Nick? Copper? :bottom: :wink[3]: its a ford truck, not a kitchen sink:)
 

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Failure analysis has shown in many cases the engine oil cooler to be the culprt in egr cooler failure. coolant flows from the oil cooler, to the egr cooler. the oil cooler can become restricted with casting sand, machining leftovers, and silicates that form in a neglected cooling system. we know this from disecting failed oil coolers. when a failure has ocurred, the entire system must be examined and evaluated before replacing the egr cooler in order to minimize a repeat failure. the bullet proof cooler is however much less likely to fail even under such a condition desribed above due to a more robust re-design.

the stock egr cooler is weak in that it cannot tolerate the high pressures that occurre within it in the event of an oil cooler restriction during a steady state cruise egr flow cycle. it is very good insurance to test the oil cooler whenever an egr cooler failure occurrs. many non modified trucks have experienced an egr cooler failure while being used as one would normally use a light/heavy duty truck. this can only indicate that the stock egr cooler is defecient? the bulletproof diesel EGR cooler upgrade give those who are tired of the repeat failures an option other than to delete, or have the dealer install the same stock part with a proven record of failure. at the same time it allows you to remain emissions compliant.
 

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Nick? Copper? :bottom: :wink[3]: its a ford truck, not a kitchen sink:)
:dunno: I'm a HVAC tech, heat transfer is done more efficently with copper than SS or aluminum. Maybe it don't work in a truck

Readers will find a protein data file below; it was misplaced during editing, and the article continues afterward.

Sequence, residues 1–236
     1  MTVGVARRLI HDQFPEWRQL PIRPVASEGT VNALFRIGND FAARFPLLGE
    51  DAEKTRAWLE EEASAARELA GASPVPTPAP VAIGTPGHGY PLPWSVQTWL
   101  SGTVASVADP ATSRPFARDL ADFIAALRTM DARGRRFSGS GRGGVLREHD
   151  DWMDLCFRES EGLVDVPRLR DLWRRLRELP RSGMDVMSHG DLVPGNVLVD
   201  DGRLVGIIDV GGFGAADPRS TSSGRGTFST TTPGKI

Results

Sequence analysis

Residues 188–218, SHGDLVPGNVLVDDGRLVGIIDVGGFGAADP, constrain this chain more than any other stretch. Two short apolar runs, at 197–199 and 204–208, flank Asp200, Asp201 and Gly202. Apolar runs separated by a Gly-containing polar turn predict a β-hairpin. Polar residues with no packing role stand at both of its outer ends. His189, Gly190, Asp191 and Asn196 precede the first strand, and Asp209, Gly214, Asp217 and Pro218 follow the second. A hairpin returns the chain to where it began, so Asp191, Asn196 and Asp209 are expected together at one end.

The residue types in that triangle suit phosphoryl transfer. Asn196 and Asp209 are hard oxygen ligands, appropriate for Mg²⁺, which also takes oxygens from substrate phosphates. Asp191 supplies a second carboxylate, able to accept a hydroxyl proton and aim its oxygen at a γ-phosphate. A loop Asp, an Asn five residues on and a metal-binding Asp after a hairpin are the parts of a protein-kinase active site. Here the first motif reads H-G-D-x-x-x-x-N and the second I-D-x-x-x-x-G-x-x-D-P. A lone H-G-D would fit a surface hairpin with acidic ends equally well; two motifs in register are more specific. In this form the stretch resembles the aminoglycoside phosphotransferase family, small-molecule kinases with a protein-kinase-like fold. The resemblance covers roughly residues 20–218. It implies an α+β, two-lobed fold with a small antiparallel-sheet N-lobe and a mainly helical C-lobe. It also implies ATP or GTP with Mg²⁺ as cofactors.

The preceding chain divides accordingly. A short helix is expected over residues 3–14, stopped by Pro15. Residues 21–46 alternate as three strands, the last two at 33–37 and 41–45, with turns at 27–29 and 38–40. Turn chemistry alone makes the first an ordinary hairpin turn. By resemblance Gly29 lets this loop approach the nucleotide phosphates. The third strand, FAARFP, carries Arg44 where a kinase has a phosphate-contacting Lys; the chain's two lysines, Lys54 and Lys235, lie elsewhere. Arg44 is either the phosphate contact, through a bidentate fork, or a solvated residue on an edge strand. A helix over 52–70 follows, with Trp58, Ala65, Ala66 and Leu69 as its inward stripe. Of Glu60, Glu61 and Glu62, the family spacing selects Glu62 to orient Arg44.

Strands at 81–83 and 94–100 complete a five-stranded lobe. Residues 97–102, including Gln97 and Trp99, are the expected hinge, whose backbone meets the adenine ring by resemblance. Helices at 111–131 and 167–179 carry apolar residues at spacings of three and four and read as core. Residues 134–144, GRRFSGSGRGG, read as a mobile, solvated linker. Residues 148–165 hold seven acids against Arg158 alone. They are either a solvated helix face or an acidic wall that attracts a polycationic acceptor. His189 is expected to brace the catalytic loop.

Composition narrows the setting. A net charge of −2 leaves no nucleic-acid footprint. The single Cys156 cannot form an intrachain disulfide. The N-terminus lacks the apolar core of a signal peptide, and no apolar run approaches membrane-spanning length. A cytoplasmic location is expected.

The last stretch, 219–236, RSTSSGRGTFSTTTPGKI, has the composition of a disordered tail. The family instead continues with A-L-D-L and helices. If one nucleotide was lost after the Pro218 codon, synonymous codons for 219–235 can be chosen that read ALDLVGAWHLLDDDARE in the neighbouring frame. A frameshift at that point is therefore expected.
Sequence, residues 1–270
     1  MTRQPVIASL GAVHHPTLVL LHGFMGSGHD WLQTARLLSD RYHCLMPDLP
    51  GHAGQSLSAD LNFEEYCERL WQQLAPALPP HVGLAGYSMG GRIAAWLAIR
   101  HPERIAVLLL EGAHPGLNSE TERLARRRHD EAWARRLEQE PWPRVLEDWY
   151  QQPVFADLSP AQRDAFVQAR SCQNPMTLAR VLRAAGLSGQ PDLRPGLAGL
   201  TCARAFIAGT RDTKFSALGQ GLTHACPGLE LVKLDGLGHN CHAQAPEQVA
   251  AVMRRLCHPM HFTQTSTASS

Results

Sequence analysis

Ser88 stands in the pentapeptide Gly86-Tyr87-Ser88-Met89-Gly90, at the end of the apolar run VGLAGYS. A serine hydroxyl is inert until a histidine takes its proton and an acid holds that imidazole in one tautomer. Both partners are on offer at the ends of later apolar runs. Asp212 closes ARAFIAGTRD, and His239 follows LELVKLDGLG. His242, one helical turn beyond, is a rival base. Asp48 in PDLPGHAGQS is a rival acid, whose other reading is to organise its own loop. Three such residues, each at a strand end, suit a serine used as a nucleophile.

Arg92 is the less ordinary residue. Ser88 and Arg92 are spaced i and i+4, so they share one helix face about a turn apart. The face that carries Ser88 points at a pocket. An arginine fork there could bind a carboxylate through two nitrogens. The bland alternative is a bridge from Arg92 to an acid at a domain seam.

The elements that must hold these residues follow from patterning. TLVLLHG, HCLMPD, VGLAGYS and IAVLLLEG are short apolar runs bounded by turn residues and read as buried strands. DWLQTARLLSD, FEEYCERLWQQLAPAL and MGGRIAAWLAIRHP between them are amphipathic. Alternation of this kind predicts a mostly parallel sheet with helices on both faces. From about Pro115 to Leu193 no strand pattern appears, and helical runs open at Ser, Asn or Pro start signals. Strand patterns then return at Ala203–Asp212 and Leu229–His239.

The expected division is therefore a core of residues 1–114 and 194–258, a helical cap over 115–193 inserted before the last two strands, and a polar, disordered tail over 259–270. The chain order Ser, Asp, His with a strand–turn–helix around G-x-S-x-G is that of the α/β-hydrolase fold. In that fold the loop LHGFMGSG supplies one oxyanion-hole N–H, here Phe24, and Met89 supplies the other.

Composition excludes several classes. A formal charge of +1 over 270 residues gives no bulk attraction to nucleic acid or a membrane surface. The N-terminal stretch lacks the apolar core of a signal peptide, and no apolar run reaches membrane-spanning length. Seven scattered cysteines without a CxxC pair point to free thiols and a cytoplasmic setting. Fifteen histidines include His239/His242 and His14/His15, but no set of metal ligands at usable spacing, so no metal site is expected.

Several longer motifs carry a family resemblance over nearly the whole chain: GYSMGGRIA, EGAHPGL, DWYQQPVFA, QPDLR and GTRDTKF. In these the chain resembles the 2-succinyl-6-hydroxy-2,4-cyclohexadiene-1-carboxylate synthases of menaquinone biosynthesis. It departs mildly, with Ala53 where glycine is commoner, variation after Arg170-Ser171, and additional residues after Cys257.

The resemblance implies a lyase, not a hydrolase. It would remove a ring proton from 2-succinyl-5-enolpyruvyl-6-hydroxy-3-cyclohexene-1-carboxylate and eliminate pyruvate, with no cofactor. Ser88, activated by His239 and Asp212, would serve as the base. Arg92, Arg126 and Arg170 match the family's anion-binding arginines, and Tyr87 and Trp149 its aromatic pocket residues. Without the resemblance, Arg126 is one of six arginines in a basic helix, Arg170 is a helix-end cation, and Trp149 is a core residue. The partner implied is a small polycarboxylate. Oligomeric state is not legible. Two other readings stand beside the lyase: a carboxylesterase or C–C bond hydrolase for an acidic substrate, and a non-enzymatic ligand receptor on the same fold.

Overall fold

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:dunno: I'm a HVAC tech, heat transfer is done more efficently with copper than SS or aluminum. Maybe it don't work in a truck
Im not sure how copper and vehicle antifreeze react
 

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Im not sure how copper and vehicle antifreeze react
They use copper in radiators :dunno:. Maybe diesel anti freeze is different than gassers???
 

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They use copper in radiators :dunno:. Maybe diesel anti freeze is different than gassers???
Forget I said that. its been a long day:doh:
 

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They use copper in radiators :dunno:. Maybe diesel anti freeze is different than gassers???

Copper would transfer heat better than SS, the joints would be the issue. this is the failure that occurrs in a stock cooler-joints. the bulletproof diesel cooler has larger tubes and better joint connections or welds and eliminates that radiator looking junk you see when you look inside a stocker

If I have time today, I'm going to sacrafice the new blade on my band saw just for you buddy. I will cut a stock cooler core open and show you the points of failure, thats if I can figure out how to upload and post pics':rofl: hehehe!
 

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Copper is a great conductor yes I'm from the hvac field but I'm also a plumber. I know that friction will cause copper to fail such is the case with slab leaks on houses. The constant heat and cool will make to copper extremly brittle over a short peiord of time. Another fiels to look at is the cooking field they use a lot of stainless for durability over copper. The fix would be a heavier wall thickness but then joints become a issue with copper. Stainless steel would offer a better corrosion resistance as well as being a lot easier to mig or tig weld joints. That being said I would much rather delete the entire setup and fix the problem since the egr valve and the cooler are both design defects
 

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So lets say I do this bulletproof EGR cooler, what should/could be done about the oil cooler deficiency???
 

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a oil bypass and coolant filter will help with longevity of the oil cooler on both side.
 

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a oil bypass and coolant filter will help with longevity of the oil cooler on both side.
Damn, these trucks are expensive to own :doh: